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You're reading: Has change in power panicked European Union into action?

The European Union has woken up, or so it seems, if the European Parliament’s Feb. 25 resolution on Ukraine is anything to go by. It’s no secret to people here that Europe has been steadily losing influence in Ukraine over the past couple of years. Viktor Yanukovych’s victory may in part be attributed to Ukrainians feeling they had nothing to lose by moving eastwards again. Brussels was perhaps hoping that they could rely on Orange Revolution politicians to bumble on without burning their European bridges. Well not any more, unless Yanukovych is taking a clever and calculated gamble.

For pro-Europeans here, the European Parliament’s declaration is the most encouraging noise to come out of the EU for some time. Experts have often pointed to Article 49 of the Maastricht Treaty which seemingly enshrines the right of any European country, provided it fulfils the union’s criteria, to apply for membership as reason to give Ukraine hope. But, in practice, Brussels representatives have often ducked the issue (or simply pointed out that Ukraine had not fulfilled the terms of previous EU-Ukraine agreements). The Strasbourg-based parliament is not the primary driver of EU policy, but it is far from being the easily-ignored talking shop of a few years ago. They have real power to put issues on the agenda. The process towards being granted a "membership perspective" (in EU parlance, a clear signal to begin the lengthy accession process) may not be granted quickly. But the continued legitimization of the issue builds up over time, as can be seen in the cases of the Balkans and Turkey.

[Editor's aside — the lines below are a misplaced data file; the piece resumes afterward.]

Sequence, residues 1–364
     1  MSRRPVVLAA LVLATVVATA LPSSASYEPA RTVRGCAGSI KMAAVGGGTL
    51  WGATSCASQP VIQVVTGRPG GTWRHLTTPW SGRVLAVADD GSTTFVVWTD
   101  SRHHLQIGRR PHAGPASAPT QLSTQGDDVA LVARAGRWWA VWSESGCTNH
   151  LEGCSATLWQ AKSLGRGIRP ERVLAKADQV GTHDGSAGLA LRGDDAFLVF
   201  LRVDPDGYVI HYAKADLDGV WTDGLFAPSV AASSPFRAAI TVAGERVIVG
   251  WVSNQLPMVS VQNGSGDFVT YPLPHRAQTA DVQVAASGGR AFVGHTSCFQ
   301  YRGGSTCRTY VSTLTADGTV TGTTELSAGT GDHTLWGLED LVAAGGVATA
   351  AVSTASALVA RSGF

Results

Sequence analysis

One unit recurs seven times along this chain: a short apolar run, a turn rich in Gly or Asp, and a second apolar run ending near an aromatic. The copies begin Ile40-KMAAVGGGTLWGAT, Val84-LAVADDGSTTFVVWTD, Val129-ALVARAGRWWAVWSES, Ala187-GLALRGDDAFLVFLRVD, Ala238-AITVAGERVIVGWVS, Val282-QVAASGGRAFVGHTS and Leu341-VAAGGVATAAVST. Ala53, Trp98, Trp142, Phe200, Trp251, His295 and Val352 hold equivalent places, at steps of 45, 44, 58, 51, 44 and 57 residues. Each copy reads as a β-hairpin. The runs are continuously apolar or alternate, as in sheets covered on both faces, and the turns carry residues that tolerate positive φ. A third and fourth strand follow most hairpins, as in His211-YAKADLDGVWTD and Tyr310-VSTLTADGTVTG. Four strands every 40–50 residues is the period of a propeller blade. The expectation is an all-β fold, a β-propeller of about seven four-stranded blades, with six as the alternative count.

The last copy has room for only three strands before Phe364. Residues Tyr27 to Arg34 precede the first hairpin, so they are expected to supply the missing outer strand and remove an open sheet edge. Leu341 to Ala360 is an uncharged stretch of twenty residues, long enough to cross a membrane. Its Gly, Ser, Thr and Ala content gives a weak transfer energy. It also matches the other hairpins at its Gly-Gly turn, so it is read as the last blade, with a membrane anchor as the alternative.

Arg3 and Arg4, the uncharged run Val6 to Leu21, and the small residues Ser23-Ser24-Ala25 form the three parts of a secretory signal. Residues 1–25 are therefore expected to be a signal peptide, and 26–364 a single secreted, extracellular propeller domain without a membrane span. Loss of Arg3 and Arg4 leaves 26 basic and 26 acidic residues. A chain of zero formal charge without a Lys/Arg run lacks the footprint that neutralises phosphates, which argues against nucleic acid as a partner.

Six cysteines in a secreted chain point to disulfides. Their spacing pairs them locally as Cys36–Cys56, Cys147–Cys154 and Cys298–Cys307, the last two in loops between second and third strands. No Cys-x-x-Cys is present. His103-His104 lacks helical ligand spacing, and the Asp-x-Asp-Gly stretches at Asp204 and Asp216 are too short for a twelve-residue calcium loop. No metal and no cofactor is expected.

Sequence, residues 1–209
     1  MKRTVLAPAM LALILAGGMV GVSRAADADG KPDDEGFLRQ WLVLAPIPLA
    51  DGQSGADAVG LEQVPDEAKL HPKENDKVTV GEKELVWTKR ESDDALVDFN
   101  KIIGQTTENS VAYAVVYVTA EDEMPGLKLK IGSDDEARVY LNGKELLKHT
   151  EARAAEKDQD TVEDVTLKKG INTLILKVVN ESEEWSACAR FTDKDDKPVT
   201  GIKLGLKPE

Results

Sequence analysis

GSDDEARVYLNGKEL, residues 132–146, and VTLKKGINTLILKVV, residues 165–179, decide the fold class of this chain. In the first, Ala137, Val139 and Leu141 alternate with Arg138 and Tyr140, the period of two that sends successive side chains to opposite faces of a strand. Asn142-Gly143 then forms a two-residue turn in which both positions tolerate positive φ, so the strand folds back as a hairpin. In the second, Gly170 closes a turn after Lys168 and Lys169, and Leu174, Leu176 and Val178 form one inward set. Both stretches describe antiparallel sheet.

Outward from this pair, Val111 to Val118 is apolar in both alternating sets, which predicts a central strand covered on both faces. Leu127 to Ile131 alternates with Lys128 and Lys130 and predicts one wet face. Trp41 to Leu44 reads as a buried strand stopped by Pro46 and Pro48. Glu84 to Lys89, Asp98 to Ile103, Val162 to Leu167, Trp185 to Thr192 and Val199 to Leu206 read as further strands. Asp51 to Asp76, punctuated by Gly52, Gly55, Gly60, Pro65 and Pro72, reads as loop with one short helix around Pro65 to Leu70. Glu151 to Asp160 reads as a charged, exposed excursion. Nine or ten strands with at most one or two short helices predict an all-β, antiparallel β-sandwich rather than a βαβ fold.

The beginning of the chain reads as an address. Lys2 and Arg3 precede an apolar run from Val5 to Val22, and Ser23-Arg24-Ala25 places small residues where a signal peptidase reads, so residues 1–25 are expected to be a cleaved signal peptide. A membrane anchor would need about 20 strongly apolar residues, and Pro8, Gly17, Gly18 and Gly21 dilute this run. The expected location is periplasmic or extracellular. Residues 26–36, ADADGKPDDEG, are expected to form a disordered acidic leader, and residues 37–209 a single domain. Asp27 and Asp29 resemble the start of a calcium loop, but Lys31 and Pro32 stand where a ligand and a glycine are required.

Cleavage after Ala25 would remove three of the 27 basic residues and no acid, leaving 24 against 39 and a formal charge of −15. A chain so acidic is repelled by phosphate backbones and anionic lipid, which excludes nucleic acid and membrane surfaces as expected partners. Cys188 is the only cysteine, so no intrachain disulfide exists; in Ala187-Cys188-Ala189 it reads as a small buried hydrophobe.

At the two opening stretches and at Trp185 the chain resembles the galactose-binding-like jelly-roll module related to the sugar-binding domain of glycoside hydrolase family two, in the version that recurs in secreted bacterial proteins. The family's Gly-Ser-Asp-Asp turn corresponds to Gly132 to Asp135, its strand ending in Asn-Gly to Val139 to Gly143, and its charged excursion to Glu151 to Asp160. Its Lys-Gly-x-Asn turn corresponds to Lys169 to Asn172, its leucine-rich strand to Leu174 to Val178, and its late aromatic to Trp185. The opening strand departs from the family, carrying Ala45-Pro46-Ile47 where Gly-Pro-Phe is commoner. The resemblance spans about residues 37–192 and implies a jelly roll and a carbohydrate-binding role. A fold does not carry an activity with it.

Contrast this with the vague statements made in the May 2009 preamble of the Eastern Partnership, which sought even to avoid the phrase "European countries" in reference to the six former Soviet states that sit between the EU and Russian Federation, for fear of raising membership hopes, with references to visa facilitation also watered down. The declaration’s statement that Ukraine has the right to apply for membership, and mention of a “road map” with the end objective of visa-free travel to the EU looks like quite a turnaround from what we’ve seen previously. Perhaps the EU is realizing it will actually have to do something to keep Ukraine strung along.

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